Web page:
According to Van, two or three centuries earlier poor mad Aqua might have been just another consumable witch:
Poor Aqua, whose fancies were apt to fall for all the fangles of cranks and Christians, envisaged vividly a minor hymnist’s paradise, a future America of alabaster buildings one hundred stories high, resembling a beautiful furniture store crammed with tall white-washed wardrobes and shorter fridges; she saw giant flying sharks with lateral eyes taking barely one night to carry pilgrims through black ether across an entire continent from dark to shining sea, before booming back to Seattle or Wark. She heard magic-music boxes talking and singing, drowning the terror of thought, uplifting the lift girl, riding down with the miner, praising beauty and godliness, the Virgin and Venus in the dwellings of the lonely and the poor. The unmentionable magnetic power denounced by evil lawmakers in this our shabby country — oh, everywhere, in Estoty and Canady, in ‘German’ Mark Kennensie, as well as in ‘Swedish’ Manitobogan, in the workshop of the red-shirted Yukonets as well as in the kitchen of the red-kerchiefed Lyaskanka, and in ‘French’ Estoty, from Bras d’Or to Ladore — and very soon throughout both our Americas, and all over the other stunned continents — was used on Terra as freely as water and air, as bibles and brooms. Two or three centuries earlier she might have been just another consumable witch. (1.3)
On Demonia Viedma (a city in Argentina) is also known as Witch:
A sense of otiose emptiness was all Van derived from those contacts with Literature. Even while writing his book, he had become painfully aware how little he knew his own planet while attempting to piece together another one from jagged bits filched from deranged brains. He decided that after completing his medical studies at Kingston (which he found more congenial than good old Chose) he would undertake long travels in South America, Africa, India. As a boy of fifteen (Eric Veen’s age of florescence) he had studied with a poet’s passion the time-table of three great American transcontinental trains that one day he would take — not alone (now alone). From Manhattan, via Mephisto, El Paso, Meksikansk and the Panama Chunnel, the dark-red New World Express reached Brazilia and Witch (or Viedma, founded by a Russian admiral). There it split into two parts, the eastern one continuing to Grant’s Horn, and the western returning north through Valparaiso and Bogota. On alternate days the fabulous journey began in Yukonsk, a two-way section going to the Atlantic seaboard, while another, via California and Central America, roared into Uruguay. The dark blue African Express began in London and reached the Cape by three different routes, through Nigero, Rodosia or Ephiopia. Finally, the brown Orient Express joined London to Ceylon and Sydney, via Turkey and several Chunnels. It is not clear, when you are falling asleep, why all continents except you begin with an A. (2.2)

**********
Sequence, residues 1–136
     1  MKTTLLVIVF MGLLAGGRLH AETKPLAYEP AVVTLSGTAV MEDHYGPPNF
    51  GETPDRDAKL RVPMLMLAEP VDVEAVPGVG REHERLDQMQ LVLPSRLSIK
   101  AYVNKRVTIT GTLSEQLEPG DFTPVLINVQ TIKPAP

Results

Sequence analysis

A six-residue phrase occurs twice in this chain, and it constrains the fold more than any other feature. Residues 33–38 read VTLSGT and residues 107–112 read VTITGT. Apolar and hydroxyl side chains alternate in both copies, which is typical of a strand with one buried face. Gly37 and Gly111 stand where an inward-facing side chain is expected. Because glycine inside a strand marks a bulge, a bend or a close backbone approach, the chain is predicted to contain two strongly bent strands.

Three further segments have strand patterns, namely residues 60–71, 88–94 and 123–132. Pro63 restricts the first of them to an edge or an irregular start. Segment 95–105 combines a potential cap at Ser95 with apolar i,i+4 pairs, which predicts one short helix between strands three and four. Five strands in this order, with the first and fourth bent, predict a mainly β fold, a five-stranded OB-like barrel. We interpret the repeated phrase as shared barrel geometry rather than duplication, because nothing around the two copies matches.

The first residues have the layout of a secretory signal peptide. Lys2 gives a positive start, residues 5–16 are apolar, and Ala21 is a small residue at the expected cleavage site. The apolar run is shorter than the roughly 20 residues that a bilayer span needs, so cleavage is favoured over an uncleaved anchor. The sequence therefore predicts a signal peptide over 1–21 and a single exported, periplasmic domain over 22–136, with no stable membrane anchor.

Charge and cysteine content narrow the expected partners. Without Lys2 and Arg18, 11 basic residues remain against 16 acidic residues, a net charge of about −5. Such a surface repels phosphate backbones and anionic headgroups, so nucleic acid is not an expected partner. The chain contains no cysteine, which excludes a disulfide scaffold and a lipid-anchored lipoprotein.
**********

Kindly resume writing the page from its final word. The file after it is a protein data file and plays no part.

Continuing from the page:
Like Mlle Larivière (Lucette’s governess who writes fiction under the penname Guillaume de Monparnasse), Mme Linot (the main character in Hippius’ story “The Witch”) is a governess. At the picnic on Ada’s twelfth birthday Mlle Larivière reads her story La Rivière de diamants (that corresponds to Maupassant’s La Parure, 1884).
In her poem Banal’nostyam (“To Banalities,” 1914) Hippius compares stock rhymes to Siamese twins:
Не покидаю острой кручи я,
Гранит сверкающий дроблю.
Но вас, о старые созвучия,
Люблю сады с оградой тонкою,
Где роза с грезой, сны весны
И тень с сиренью — перепонкою,
Как близнецы, сопряжены.
Влечётся нежность за безбрежностью,
Всё рифмы-девы, — мало жён...
О как их трогательной смежностью
Мой дух стальной обворожён!
Вас гонят... Словно дети малые,
Дрожат мечта и красота...
Целую ноги их усталые,
Целую старые уста.
Создатели домов лучиночных,
Пустых, гороховых домов,
Искатели сокровищ рыночных —
Одни боятся вечных слов.
Я — не боюсь. На кручу сыпкую
Возьму их в каменный приют.
Прилажу зыбкую им зыбку я...
Пусть отдохнут! Пусть отдохнут!
VN is the author of Scenes from the Life of a Double Monster (1950), a story about the Siamese twins. Lloyd in Floyd were born in Turkey:
Some years ago Dr. Fricke asked Lloyd and me a question that I shall try to answer now. With a dreamy smile of scientific delectation he stroked the fleshy cartilaginous band uniting us-- omphalopagus diaphragmo-xiphodidymus, as Pancoast has dubbed a similar case-- and wondered if we could recall the very first time either of us, or both, realized the peculiarity of our condition and destiny. All Lloyd could remember was the way our Grandfather Ibrahim (or Ahim, or Ahem-- irksome lumps of dead sounds to the ear of today!) would touch what the doctor was touching and call it a bridge of gold. I said nothing.
Our childhood was spent atop a fertile hill above the Black Sea on our grandfather's farm near Karaz. His youngest daughter, rose of the East, gray Ahem's pearl (if so, the old scoundrel might have taken better care of her) had been raped in a roadside orchard by our anonymous sire and had died soon after giving birth to us-- of sheer horror and grief, I imagine. One set of rumors mentioned a Hungarian peddler; another favored a German collector of birds or some member of his expedition-- his taxidermist, most likely. Dusky, heavily necklaced aunts, whose voluminous clothes smelled of rose oil and mutton, attended with ghoulish zest to the wants of our monstrous infancy.